Legislators fault plans for eviction

Media to be displaced from State House offices

July 03, 2004|By David Folkenflik | David Folkenflik,SUN STAFF

As aides to Gov. Robert L. Ehrlich Jr. struck a more conciliatory tone toward the media, Maryland's two most powerful legislative leaders signaled yesterday that they intend to block plans to remove the press from offices in the State House basement during renovations there.

This week, the Maryland Department of General Services sent eviction notices to media outlets with office space in the Capitol, informing them that they would be required to leave by mid-July. They would share much diminished space upon their return, expected in about three years.

By Thursday, the deadline had been pushed back to the end of July. But media executives and state Senate President Thomas V. Mike Miller and House Speaker Michael E. Busch expressed additional concerns. And gubernatorial aides backpedaled yesterday, announcing that reporters would be given temporary space either in Shaw House, a small, historic office building across the street from the State House, or the state Treasury building, which is farther away.

Several journalists reserved judgment because of the lack of details. And Busch and Miller indicated yesterday that they opposed even a temporary eviction of the press from the State House.

"My purpose here is to make sure that the press remains ... as much a part of the institution of government as the executive or the legislature," Busch said yesterday. If the governor's staffers were to decide who goes into specific offices, he said, they could play favorites.

"We are unified in that," said Vicki Fretwell, a spokeswoman for Miller. "There are a variety of ways this can happen without having the press out of the building for a long period of time."

In a meeting with reporters, Ehrlich press secretary Gregory Massoni said the renovation of the State House was long overdue. Moving the media out was meant to create space for displaced state workers as the building underwent major repairs.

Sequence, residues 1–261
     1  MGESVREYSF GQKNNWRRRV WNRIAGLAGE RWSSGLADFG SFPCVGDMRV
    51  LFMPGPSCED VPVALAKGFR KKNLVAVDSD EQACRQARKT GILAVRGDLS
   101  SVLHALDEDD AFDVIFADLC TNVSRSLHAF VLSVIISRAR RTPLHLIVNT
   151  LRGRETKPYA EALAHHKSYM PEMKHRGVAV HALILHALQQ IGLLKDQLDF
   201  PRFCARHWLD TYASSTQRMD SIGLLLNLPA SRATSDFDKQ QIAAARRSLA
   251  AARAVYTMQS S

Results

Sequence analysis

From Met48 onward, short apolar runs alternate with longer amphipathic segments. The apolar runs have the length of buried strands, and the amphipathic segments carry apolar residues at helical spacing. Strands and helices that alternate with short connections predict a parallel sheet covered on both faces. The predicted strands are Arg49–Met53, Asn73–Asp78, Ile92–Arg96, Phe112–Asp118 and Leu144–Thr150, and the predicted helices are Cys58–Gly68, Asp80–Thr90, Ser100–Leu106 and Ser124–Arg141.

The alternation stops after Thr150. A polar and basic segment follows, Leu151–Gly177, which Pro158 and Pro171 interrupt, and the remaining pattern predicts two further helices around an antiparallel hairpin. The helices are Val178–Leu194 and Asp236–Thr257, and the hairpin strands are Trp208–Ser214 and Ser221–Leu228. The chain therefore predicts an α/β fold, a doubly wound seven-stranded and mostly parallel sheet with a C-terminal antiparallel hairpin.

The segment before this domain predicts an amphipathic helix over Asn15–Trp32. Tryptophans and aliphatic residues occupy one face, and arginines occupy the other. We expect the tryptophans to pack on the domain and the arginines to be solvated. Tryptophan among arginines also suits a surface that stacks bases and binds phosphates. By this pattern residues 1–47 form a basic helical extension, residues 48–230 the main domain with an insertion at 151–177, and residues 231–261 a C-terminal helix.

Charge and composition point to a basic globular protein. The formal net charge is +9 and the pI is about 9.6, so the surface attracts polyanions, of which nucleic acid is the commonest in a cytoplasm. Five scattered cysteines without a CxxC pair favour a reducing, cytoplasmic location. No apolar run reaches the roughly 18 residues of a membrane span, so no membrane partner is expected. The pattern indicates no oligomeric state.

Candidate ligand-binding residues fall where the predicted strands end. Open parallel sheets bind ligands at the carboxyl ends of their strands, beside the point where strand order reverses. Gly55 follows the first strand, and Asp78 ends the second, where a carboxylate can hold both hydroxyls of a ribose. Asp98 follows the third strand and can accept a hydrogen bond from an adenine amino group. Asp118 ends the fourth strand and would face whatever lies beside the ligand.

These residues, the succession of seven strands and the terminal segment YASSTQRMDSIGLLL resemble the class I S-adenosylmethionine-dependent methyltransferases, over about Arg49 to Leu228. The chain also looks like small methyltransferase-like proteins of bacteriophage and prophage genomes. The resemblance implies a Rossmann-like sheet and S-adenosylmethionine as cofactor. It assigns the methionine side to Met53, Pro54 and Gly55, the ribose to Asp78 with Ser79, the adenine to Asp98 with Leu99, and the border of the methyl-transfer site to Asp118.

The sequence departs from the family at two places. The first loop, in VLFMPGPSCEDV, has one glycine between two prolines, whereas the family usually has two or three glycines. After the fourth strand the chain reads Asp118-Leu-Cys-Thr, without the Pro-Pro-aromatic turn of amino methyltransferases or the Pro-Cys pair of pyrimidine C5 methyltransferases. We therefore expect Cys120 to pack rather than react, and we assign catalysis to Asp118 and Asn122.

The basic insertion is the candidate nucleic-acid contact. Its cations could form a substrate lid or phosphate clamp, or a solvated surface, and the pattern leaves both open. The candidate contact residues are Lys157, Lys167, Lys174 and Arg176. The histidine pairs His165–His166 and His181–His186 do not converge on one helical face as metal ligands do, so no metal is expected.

"This has to happen or the walls will fall in on us," he said. "We will make sure there will be space provided" for the media.

Some journalists contend that their ability to cover policy and politics will be hampered if they have to work from remote offices. Television stations can broadcast using microwave and satellite signals, while several larger newspapers have other offices within a walk or quick drive of the State House. But smaller newspapers might not assign beats on state government at all without the guarantee of space, said Tom Marquardt, executive editor of the Annapolis Capital and an official with the Maryland-Delaware-D.C. Press Association.

The three largest news organizations to cover the State House -- The Sun, The Washington Post and the Associated Press -- would likely lose their individual offices and instead share smaller quarters with other media outlets, Massoni said. But he said no designs had been devised yet.

"It does sound like the administration has recognized that they have to provide a `for-sure' place for them to return," said Morris "Chip" Weinman, president of the Maryland/D.C./Delaware Broadcasters Association. "The main concern of the media is continued access."

Busch and Miller say that state Secretary of General Services Boyd K. Rutherford did not consult them in his plans for the renovations. Both legislative leaders belong to the four-member State House Trust.

By law, the trust has the responsibility to "disapprove or approve and supervise any proposed repair, improvement or other change to the State House or to any other building within State Circle, including any change to the furnishings or fixtures of those buildings."

Yesterday, Rutherford told reporters he interpreted the law differently from Busch and Miller, saying the trust's approval was unnecessary because he was seeking temporary shifts, not permanent changes. But he said he plans to meet with Busch and Miller next week to address any differences.

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